Yahoo has reportedly accepted a $350m reduction on the original $4.83bn sale to Verizon due to its significant cyber security breaches.
The deal was signed in July 2016, but subsequent revelations of data breaches in 2013 and 2014 affecting one billion and 500 million accounts, and more recently of hackers forging cookies to gain access to customer accounts, led to speculation that offer would be reduced or even withdrawn.
In November 2016, in a US Securities and Exchange Committee (SEC) filing, Yahoo admitted for the first time that some staff knew that a state-sponsored hacker had accessed its network shortly after an attack in 2014, that the true cost of the breach was still unknown, and that the breach could affect its deal with Verizon.
After months of speculation, Verizon has confirmed that it is now buying the core Yahoo business for around $4.48bn, according to the BBC. The deal is now expected to close in the second quarter of 2017.
Under the new deal, Yahoo and Verizon will split the cost of government investigations and third-party litigation related to the data breaches, but Yahoo alone will be responsible for any liabilities arising from shareholder lawsuits and Securities and Exchange Commission (SEC) investigations.
Yahoo is facing an SEC probe into whether it appropriately disclosed information about the data breach, according to the Financial Times.
Once the acquisition is complete, Verizon plans to combine Yahoo’s search, email, messenger and advertising technology with the assets from its AOL acquisition in 2015 for $4.4bn.
Commenting on the Verizon deal in 2016, Yahoo chief executive Marissa Mayer said it would provide opportunities for Yahoo to build further distribution and accelerate its work in mobile, video, native advertising and social.
“The amended terms of the agreement provide a fair and favourable outcome for shareholders,” said Marni Walden, Verizon executive-vice president, said in a statement.
“It provides protections for both sides and delivers a clear path to close the transaction in the second quarter,” she said.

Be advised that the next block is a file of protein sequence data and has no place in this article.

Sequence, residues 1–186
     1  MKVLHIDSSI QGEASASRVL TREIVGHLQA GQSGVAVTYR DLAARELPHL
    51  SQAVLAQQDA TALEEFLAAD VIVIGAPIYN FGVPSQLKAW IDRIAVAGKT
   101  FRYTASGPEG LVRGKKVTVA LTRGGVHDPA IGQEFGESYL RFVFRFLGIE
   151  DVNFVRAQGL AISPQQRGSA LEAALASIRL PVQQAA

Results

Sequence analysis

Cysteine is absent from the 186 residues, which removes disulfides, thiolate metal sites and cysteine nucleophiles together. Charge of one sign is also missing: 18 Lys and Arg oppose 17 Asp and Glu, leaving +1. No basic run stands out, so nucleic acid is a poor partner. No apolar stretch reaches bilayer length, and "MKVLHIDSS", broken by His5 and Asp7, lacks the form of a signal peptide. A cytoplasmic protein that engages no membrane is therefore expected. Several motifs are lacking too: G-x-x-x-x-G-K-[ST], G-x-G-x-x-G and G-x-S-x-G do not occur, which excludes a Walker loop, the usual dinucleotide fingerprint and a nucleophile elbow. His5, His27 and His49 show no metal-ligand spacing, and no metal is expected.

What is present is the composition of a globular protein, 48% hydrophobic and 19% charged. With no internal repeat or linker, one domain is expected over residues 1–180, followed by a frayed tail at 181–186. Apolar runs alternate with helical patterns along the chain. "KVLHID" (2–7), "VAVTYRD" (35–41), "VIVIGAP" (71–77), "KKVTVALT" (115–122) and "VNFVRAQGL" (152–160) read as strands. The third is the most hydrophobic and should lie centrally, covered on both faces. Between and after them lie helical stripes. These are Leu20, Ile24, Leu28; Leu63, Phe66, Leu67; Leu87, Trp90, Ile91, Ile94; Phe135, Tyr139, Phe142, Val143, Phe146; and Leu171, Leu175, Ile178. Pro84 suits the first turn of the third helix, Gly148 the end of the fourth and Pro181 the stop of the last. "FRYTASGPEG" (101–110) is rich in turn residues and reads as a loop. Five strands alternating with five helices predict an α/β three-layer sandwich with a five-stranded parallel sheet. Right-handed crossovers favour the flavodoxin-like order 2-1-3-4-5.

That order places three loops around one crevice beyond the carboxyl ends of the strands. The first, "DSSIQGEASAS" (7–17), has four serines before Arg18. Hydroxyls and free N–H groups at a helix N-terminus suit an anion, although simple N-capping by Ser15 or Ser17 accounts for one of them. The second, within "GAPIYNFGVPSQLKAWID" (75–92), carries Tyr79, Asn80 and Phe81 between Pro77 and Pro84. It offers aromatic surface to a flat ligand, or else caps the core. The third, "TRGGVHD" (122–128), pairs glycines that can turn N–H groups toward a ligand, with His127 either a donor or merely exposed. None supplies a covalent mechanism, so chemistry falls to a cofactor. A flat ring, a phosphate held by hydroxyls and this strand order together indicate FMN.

Cyber attacks could seriously affect M&A discussions
If cyber security was not already a priority agenda item across boardrooms, the news of the revised deal will resonate with key stakeholders in many organisations, according to Rob Norris, head of enterprise and cyber security for Europe, Middle East, India and Africa at Fujitsu.
“The European Union’s GDPR [General Data Protection Regulation] has already established cyber security and breach readiness as topics requiring serious attention from business executives, due to the eye-watering fines of €20m or 4% of global annual turnover for non-compliance. However, today’s news shows that a cyber attack could also have a significant impact for companies in merger and acquisition discussions,” he said.
Fujitsu predicts that in 2017, organisations will start taking a closer look at cyber security in their supply chain, as cyber attacks have the potential to affect a business’ financial accounts.
“The damage to reputation and brand has always been a primary reason for concern for organisations that were not seen to be implementing sufficient housekeeping and security controls, but huge ICO fines coupled with real damage to a company valuation will ensure that cyber security related issues become an even higher priority,” said Norris.
Gunter Ollmann, chief security officer at Vectra Networks, said Yahoo has demonstrated that many businesses that lack transparency and willingness to discuss security matters in an honest and open way will see significant impact on the bottom line, market value and reputation.
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“The revised deal highlights that security is a strategic issue and needs to be included as part of any M&A [mergers and acquisitions] due diligence. Likewise, cyber attacks offer the opportunity for motivated external parties to damage M&A target organisation’s reputation and thus market value,” he said.
Ollmann predicts that the GDPR – and its requirement for appropriate security controls, breach notification and punitive sanctions for non-compliance – will be a driver of increased transparency, and hopefully improved security posture.
“There is another assumption that if the breached organisation is sufficiently instrumented that they can not only detect a breach, but that they’re able to track the attacker’s activities and enumerate precisely what data they had access to,” he said.
“But most organisations aren’t sophisticated enough to identify this level of threat activity. If you can’t detect it, there is no way to prove you were breached. In fact, gaining real-time visibility into hidden attacks can enable an organisation to spot the pre-cursor behaviours of breach and foil the attack earlier in its lifecycle and avoiding a reportable data breach,” he added.